Lesotho Medical Association (LMA) yesterday announced that doctors will from March 1, 2023, stop working at night and on weekends and public holidays.
In a statement, LMA said this was because, for a period of over five years, doctors in the public sector had been partaking in work beyond ordinary hours without pay.
“This includes working during nights, weekends, and public holidays without any form of remuneration,” read the statement signed by LMA president Dr Mojakisane Ramafikeng.
“LMA wishes to inform the general public that doctors will NOT be partaking in hospital duties that they are not paid for by the government of Lesotho from the 1st March 2023.
“This means doctors will not offer night duty (call) services (1700 to 0800), weekend, and public holiday services. Doctors will continue offering exceptional services within ordinary working hours and not beyond that until this matter is resolved,” Ramafikeng said in the statement.
He indicated that the decision was regrettable but indicated that it was not the doctors’ fault.
He said: “It is a result of unanswered calls for deliberation and complete disregard of our rights as employees and citizens.”
When contacted yesterday, the public relations manager for the ministry of health, ‘Mamolise Falatsa, indicated that she did not have information about the planned industrial action by doctors.
Ramafikeng yesterday said LMA had on the behalf of doctors, attempted to initiate peaceful deliberations “that have continuously failed to persuade the government of Lesotho to amend this injustice”.
According to the association, the high court declared in 2020 that not paying doctors their call allowances was unconstitutional in that it violated section 4(1)m of the constitution.
However, the association charged, the ministry of health has hitherto, not complied with the court ruling.
“Despite the decisive ruling in our favor, several steps were taken to engage with the ministry of health pertaining to this crucial matter but all efforts by LMA were met with complete silence from the Ministry of Health irrespective of the importance of this matter to doctors both native and expatriates,” Ramafikeng said.
He also stated that although their main issue currently was the call allowance, “the public should be aware that our bones to pick with the Health sector are vast and we shall strive to champion each for the sake of all Basotho”.
He said they were also bothered by the poorly staffed hospitals with extremely low doctor-to-patient ratio “yet there are unemployed Basotho doctors”, poorly equipped hospitals which make it impossible for patients to receive the best possible care in the hospitals, and “the collapsing service delivery on a large plane scale within our health sector”.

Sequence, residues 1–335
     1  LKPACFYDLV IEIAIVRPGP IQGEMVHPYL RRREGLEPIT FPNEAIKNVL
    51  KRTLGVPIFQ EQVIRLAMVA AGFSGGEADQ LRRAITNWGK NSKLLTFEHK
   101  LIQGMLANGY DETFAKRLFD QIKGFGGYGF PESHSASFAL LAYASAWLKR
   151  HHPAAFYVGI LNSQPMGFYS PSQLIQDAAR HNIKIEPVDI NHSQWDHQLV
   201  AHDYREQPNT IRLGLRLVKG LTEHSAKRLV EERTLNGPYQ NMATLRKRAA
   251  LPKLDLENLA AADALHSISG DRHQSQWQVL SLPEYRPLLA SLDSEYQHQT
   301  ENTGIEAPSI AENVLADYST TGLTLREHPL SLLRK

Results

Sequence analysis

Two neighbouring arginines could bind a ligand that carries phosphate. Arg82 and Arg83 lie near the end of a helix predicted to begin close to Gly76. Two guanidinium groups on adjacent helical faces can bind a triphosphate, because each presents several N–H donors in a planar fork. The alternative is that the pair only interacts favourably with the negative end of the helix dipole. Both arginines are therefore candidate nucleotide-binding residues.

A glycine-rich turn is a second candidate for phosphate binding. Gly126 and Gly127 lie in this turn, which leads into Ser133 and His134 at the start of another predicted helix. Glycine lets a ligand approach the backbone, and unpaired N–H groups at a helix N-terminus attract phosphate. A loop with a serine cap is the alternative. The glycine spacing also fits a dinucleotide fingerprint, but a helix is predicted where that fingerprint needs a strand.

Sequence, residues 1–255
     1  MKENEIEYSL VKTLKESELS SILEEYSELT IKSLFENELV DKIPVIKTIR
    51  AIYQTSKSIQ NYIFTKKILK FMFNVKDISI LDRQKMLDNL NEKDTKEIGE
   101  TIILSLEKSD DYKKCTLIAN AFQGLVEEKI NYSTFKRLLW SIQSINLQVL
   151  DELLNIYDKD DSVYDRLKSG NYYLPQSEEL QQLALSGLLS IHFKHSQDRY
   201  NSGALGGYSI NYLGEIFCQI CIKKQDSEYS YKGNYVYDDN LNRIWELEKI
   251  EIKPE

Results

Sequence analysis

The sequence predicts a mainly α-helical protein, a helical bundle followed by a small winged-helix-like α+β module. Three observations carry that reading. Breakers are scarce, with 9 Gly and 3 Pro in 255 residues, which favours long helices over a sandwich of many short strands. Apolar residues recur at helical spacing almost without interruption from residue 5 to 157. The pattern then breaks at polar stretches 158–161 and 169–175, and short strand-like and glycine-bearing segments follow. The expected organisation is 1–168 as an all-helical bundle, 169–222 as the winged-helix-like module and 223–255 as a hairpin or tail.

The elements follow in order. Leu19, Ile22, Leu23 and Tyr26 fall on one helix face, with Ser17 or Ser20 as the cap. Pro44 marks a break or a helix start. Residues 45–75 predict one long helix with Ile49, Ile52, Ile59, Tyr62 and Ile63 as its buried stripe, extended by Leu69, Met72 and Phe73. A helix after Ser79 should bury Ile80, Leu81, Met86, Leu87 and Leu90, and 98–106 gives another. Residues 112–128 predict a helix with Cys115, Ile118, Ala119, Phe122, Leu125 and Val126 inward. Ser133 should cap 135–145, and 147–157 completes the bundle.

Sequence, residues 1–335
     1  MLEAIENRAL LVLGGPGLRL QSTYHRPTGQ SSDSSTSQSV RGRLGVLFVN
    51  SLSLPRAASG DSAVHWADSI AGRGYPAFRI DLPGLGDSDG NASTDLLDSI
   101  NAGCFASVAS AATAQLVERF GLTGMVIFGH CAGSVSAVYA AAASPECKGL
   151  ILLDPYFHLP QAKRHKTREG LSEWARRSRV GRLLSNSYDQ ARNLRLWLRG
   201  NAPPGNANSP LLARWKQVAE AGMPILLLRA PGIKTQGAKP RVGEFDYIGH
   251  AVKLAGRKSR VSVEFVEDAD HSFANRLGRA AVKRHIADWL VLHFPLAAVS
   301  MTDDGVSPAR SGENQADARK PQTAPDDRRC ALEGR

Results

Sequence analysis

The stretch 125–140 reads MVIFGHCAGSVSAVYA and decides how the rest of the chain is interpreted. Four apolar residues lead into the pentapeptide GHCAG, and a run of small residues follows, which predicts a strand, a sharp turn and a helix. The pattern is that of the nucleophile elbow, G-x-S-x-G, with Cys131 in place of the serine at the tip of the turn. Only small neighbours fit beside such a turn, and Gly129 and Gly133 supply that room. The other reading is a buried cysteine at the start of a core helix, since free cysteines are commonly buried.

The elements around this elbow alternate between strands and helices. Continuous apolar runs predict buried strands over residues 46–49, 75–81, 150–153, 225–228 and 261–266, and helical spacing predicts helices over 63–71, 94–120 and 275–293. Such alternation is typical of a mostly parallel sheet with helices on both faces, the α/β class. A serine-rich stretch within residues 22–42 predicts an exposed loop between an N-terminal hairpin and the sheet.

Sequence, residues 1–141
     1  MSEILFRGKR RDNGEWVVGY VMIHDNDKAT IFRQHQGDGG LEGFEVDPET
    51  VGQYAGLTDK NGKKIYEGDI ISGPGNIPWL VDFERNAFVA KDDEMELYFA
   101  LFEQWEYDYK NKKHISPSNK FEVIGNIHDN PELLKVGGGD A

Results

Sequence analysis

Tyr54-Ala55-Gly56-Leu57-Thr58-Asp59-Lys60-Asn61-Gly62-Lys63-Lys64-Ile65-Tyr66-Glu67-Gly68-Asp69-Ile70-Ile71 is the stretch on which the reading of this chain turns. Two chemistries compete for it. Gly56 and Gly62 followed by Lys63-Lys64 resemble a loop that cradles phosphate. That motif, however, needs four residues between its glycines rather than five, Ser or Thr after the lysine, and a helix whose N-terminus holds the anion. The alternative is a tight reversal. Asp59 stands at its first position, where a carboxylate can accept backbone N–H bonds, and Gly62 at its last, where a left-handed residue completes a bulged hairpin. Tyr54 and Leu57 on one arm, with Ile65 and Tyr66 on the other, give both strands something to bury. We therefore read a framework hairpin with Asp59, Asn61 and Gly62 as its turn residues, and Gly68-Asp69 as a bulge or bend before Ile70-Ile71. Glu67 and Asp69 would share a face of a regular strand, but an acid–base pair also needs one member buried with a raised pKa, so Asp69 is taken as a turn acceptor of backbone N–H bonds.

He said they are also bothered by “disproportionately paid call allowance at an unfounded rate,” unpaid roles and responsibilities within hospitals, and the lack of rural allowance.
In 2011, the International Organisation for Migration (IOM) said a large number of Basotho professionals, especially in the health sector looked for better opportunities abroad, contributing to the constant brain drain in the country.
IOM said physicians born in Lesotho were registered as working abroad, mainly in South Africa and most cited low wages, huge salary differences, better social lives, and better infrastructure as push factors.
The unprecedented overwork linked to shortages of doctors and other poor working conditions cited in the doctors’ petition highlight how vulnerable doctors who decide to remain in the country are.
Their lack of reward means they suffer from the impacts of poverty along with the patients they are supposed to care for.
In December last year, doctors at the Motebang Hospital in Leribe agreed to suspend their industrial action after health minister Selibe Mochoboroane had a meeting with them and convinced them to suspend their strike on the day it was supposed to start.
The doctors had said they would stop carrying out on-call duties with immediate effect citing nonpayment of their allowances.
In January this year, LMA said doctors across the country were relentless and expected the government to pay them their due on-call allowances before the end of January.
“The deadline of January 31 still stands as per the initial agreement of the meeting held with all the doctors…,” the Lesotho Medical Association (LMA) said in a notice to doctors.
The association said Mochoboroane promised that soon after the 2022 Christmas doctors should expect to get payments for call allowances.
“The executive wishes to inform all Doctors to remain calm as it deals with this sensitive issue which does not only affect doctors but the general population,” the document read.
“Doctors serve wholeheartedly every day. All available avenues at the disposal of the executive will be explored before any militant approach is undertaken,” it added.